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Palliative Care: What Can I Bill?


Palliative care is a hot topic in healthcare. It not only helps improve a patient’s quality of life through symptom management and goals of care planning, but it also reduces many patients’ revolving door readmissions to the hospital.

However, as there are many variations of palliative care that organizations are providing across the country, physician practices and hospice organizations are trying to develop an official model that is not only financially feasible but effectively provides to patient populations who need these services most. Until this happens, there are current palliative care billing guidelines that providers need to know.

Billable Palliative Care Services

Medicare Part B is the most frequent payer for palliative professional services.

Medicare Advantage organizations (MAOs) are required to provide the same services as traditional Medicare, so they also provide these services to enrollees as a professional services benefit.

Private insurance and Medicaid also cover palliative provider professional services but may require authorization to bill for consulting provider services.

Non-Billable Palliative Care Services

Many hospice and home health organizations provide non-billable palliative care services, like hospice care with involvement of the interdisciplinary group, including nurses, chaplains and social workers. While this type of service may sometimes be billed under the Medicare home health benefit, it is not billable under traditional Medicare professional services as palliative care.

Palliative Fee-for-Service Medicare Reimbursement

Fee-for-service Medicare reimbursement for palliative care services can be billed based on time and intensity codes for physicians, nurse practitioners and physician assistants. Providers can be reimbursed for advance care planning conversations, otherwise known as goals of care discussions, and can also provide services for ongoing chronic care management if time and intensity are met.

Licensed Clinical Social Workers (LCSWs) can bill for counseling services if the LCSW has a National Provider Identifier (NPI) and is billing for counseling services. The patient that is seen by the LCSW for palliative care counseling may have depression or anxiety related to their medical condition that services from the LCSW could mitigate.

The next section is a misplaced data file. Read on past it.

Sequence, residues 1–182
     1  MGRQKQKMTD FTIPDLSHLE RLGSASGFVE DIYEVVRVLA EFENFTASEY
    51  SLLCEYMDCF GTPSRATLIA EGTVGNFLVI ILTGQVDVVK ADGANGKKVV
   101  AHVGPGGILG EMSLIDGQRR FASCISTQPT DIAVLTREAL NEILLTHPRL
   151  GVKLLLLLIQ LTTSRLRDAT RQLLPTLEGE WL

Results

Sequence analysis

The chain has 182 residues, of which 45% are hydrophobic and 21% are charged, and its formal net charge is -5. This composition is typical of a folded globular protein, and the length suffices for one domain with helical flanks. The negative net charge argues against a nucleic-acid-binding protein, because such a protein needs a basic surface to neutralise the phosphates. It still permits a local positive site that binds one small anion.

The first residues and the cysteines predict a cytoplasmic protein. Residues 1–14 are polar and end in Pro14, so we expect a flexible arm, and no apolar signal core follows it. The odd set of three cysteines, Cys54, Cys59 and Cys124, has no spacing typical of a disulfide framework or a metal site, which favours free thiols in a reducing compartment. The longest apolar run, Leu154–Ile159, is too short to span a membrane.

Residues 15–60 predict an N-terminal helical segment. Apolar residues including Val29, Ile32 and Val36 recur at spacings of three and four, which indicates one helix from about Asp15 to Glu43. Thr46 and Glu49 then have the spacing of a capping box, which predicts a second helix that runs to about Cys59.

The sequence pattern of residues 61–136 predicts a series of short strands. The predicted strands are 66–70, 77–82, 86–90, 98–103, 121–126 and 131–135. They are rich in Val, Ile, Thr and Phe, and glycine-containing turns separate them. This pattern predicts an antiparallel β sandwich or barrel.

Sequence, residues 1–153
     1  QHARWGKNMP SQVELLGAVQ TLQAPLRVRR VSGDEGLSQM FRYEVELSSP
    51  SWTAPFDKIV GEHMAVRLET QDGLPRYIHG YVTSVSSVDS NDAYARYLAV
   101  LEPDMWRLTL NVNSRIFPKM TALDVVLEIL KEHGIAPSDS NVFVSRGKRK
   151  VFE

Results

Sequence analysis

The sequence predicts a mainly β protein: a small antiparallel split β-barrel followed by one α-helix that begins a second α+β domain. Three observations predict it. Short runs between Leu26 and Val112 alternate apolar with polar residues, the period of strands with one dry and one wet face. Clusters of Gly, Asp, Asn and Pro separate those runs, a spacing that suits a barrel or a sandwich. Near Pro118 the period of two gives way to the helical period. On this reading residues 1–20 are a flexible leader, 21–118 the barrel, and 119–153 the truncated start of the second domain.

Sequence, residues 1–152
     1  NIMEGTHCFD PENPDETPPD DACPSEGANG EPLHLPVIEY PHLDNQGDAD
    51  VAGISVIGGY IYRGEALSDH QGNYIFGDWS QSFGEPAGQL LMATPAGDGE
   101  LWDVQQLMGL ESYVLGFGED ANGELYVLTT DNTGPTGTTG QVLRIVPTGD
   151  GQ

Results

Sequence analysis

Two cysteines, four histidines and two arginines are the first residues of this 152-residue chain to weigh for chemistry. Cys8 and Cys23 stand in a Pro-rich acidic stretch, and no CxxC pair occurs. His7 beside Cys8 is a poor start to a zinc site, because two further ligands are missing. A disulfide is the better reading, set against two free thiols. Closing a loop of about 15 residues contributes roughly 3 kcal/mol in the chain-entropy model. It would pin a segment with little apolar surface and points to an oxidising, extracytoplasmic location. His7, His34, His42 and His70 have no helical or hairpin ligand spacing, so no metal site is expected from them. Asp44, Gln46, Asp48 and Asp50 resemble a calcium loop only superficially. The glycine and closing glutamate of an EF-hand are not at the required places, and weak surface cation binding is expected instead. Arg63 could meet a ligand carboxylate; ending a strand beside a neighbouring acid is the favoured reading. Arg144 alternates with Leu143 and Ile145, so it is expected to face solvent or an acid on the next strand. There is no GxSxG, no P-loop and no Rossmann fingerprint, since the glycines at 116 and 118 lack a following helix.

The patient may also have underlying illnesses such as psychosis, schizophrenia or dementia, which could benefit from the counseling services of an LCSW. However, it is essential that the LCSW bill only for counseling services and not any other services typically associated with what a social worker in hospice or hospital settings provides.

Billing Palliative “Incident to” Visits and Split Visits

There are rules regarding “incident to” visits and split visits for billing practitioner visits.

“Incident to” visits cannot be billed in a hospital, skilled nursing facility or any institutional visit. Also, according to Medicare billing requirements, a clinic visit in a hospital outpatient or clinic setting does not qualify as a non-institutional setting.

“Incident to” billing can only be done for established patients. No matter the scope of practice of the non-physician practitioner, the physician must be physically present in the building where the “incident to” encounter takes place and must participate in a direct supervisory capacity. This type of visit works well for a palliative care clinic visit.

Split visits can be billed under either the physician or the non-physician practitioner’s NPI number if both providers participated in, at minimum, the evaluation/management component of the visit and both providers document and sign their encounters.

Split visits cannot be billed for visits at a skilled nursing facility or nursing facility. Private insurance payers and state Medicaid programs may have different rules than Medicare Part B, so it is best to confirm with the insurer or the state Medicaid website for specific rules regarding these encounters.

Multiple Providers Sharing One Patient

It is important for palliative providers to ensure they are not billing for the same service on the same day as another provider. Usually, this is best managed by having the palliative provider use diagnosis codes for symptom management rather than disease diagnosis codes.

As long as the documentation shows legitimate need and different services, both providers can bill on the same day.

Providing palliative services to patients can help grow your organization’s business, keep referral sources happy with reduced rehospitalization rates and assist with defining goals of care to reduce unwanted services as a patient is nearing the end stages of their disease processes.

This is the fourth of a six-part blog series delving into this line of service that is not often used but growing in recognition. Ensuring your organization knows the palliative billing rules will help protect your revenue to help you succeed in palliative care.

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